Task rules restrict freedom by definition, but do they necessarily harm intrinsic motivation?We examine how task rules for an open-ended writing activity affect intrinsic motivation, or enjoyment, with one’s sense of direction and psychological freedom as potential mechanisms. Results from three online experiments (Experiment 1, Experiments 3a and 3b; N= 1,176), conducted with both undergraduate student and adult (AmazonMTurk and Prolific) samples, suggest that task rules may indirectly increase enjoyment by enhancing direction (indirect effect: β’s range [0.09, 0.17], p’s<.05), yet at the same time, indirectly decrease enjoyment by reducing freedom(indirect effect: β’s range [−0.31,−0.07], p’s<.05). Results from a fourth online experiment (Experiment 2; student sample; N= 121) address a potential alternative explanation, finding that only the task rules, not mere examples, were sufficient to increase direction (rules present: d=0.55, p=.04; examples: d= 0.25, p=.48) and reduce freedom (rules present: d= 0.78, p<.001; examples: d= 0.22, p=.31). Theoretical and empirical connections are made to self-determination theory and flow theory. Further research is needed to delineate situational and personal factors that may moderate these effects.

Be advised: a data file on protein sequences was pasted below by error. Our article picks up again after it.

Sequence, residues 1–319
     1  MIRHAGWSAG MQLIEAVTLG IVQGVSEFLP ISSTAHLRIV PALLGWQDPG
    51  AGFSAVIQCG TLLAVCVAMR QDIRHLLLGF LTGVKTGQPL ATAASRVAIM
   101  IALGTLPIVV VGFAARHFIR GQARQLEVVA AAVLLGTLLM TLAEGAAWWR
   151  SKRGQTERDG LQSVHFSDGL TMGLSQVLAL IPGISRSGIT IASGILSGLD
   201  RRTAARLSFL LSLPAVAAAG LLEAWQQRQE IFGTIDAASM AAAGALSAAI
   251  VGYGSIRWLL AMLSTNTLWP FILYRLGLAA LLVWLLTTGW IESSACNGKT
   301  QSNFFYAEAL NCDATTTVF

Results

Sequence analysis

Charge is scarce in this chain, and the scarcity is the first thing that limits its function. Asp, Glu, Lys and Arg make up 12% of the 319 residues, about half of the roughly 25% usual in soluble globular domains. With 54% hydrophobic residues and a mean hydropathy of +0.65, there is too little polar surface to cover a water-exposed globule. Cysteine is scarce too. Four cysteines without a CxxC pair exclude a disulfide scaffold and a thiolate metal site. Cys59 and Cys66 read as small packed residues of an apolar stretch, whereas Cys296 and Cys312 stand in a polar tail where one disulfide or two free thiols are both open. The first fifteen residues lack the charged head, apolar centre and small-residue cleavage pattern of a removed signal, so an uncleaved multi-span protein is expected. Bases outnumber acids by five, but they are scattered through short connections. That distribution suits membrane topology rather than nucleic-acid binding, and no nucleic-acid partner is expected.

- basic psychological need theory
- intrinsic motivation
- psychological freedom
- sense of direction
ASJC Scopus subject areas
- Experimental and Cognitive Psychology
- Developmental Neuroscience